Mean­while, on the edge of town Fri­day night, the ul­tra-ex­clu­sive Restau­rant Te­tou played host to stars and moviemak­ing power bro­kers. Among them: Tommy Lee Jones, Woody Allen and Karen Allen.

Each came to Cannes for a dif­fer­ent rea­son: Karen Allen was re­lax­ing af­ter repris­ing her role as Marion Raven­wood in In­di­ana Jones. Allen brought Vicky Cristina Barcelona, a ro­man­tic com­edy star­ring Scar­lett Jo­hans­son, Pene­lope Cruz and Javier Bar­dem as en­tan­gled lovers in Spain. And Joneswas re­cruit­ing in­vestors for a film adap­ta­tion of Ernest Hem­ing­way’s last novel, Is­lands in the Stream, which he hopes to per­form in and di­rect fromhis own screen­play.

One film­maker ar­rived with low ex­pec­ta­tions and came away with mem­o­ries he said will last a life­time. Mark Os­borne co-di­rected the an­i­mated Kung Fu Panda and said he ex­pected the hard­line Cannes au­di­ence to jeer the chil­dren’s film. Os­borne said it felt like a dreamwhen the­movie got a rous­ing re­sponse at the black-tie pre­miere, with his idol, Lu­cas, in the au­di­ence.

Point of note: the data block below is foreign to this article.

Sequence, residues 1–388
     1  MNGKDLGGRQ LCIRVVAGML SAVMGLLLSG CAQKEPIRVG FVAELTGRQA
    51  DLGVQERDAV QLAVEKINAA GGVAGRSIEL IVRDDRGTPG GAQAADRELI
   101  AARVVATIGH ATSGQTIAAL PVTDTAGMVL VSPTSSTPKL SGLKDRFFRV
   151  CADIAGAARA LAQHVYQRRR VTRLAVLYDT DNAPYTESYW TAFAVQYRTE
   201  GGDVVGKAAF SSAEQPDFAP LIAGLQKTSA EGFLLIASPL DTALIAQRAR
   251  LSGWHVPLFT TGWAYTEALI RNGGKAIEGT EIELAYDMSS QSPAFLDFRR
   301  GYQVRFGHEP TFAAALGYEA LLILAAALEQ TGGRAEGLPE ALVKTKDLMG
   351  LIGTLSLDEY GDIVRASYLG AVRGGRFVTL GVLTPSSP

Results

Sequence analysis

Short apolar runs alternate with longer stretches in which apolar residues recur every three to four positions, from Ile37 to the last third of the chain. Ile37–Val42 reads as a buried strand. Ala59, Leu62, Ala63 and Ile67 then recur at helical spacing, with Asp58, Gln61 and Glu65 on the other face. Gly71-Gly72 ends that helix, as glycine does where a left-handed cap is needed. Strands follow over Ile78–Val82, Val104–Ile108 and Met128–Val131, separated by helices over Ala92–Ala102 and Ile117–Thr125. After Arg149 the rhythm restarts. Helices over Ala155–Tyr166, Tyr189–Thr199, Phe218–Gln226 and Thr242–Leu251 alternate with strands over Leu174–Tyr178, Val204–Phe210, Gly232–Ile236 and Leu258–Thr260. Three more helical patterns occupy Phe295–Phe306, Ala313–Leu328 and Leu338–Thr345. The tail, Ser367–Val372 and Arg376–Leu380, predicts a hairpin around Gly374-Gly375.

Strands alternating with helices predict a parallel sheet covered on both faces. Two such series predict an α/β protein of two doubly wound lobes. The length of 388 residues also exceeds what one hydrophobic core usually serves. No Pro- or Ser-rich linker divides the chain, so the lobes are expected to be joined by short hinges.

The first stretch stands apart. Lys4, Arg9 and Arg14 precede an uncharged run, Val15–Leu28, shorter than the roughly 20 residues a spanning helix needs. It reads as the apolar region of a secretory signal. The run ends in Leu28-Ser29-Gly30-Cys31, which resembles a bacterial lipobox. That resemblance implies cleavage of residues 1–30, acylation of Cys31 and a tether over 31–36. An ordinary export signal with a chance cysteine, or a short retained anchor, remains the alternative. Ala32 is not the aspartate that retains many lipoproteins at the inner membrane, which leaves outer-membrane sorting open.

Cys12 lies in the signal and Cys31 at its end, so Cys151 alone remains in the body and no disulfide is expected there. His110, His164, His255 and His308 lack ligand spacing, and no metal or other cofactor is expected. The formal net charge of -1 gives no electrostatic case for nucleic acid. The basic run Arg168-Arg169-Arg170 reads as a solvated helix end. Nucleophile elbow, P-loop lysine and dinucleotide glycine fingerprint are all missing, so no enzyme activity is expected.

“Every­one’s stand­ing up. I’m look­ing around at all these smil­ing faces, and the en­tire bal­cony is lean­ing over, ap­plaud­ing and smil­ing. That is burned in my mind,” he said. “I was here back in ’99 with a stop-motion an­i­ma­tion short called More. It­was­noth­ing like this. I re­mem­ber be­ing up in the bal­cony and peo­ple yelling at the screen and get­ting up in the mid­dle and walk­ing out.” This time, he adds: “I was just happy to not get booed.”

By Sean Gallup, Getty Images

Spain to France: Woody Allen signs au­to­graphs at the Vicky Cristina Barcelona pre­miere.

By Pas­cal Le Segretain, Getty Images

‘King­dom’ keep­ers: Ge­orge Lu­cas, left, Steven Spiel­berg, Karen Allen, Har­ri­son Ford, Shia LaBeouf and Cate Blanchett.

By Fran­cois Mori, AP

Smil­ing faces: Cannes jury pres­i­dent Sean Penn, left, and U2’s Bono ar­rive for the pre­miere of The Third­Wave, a filmabout the deadly tsunami.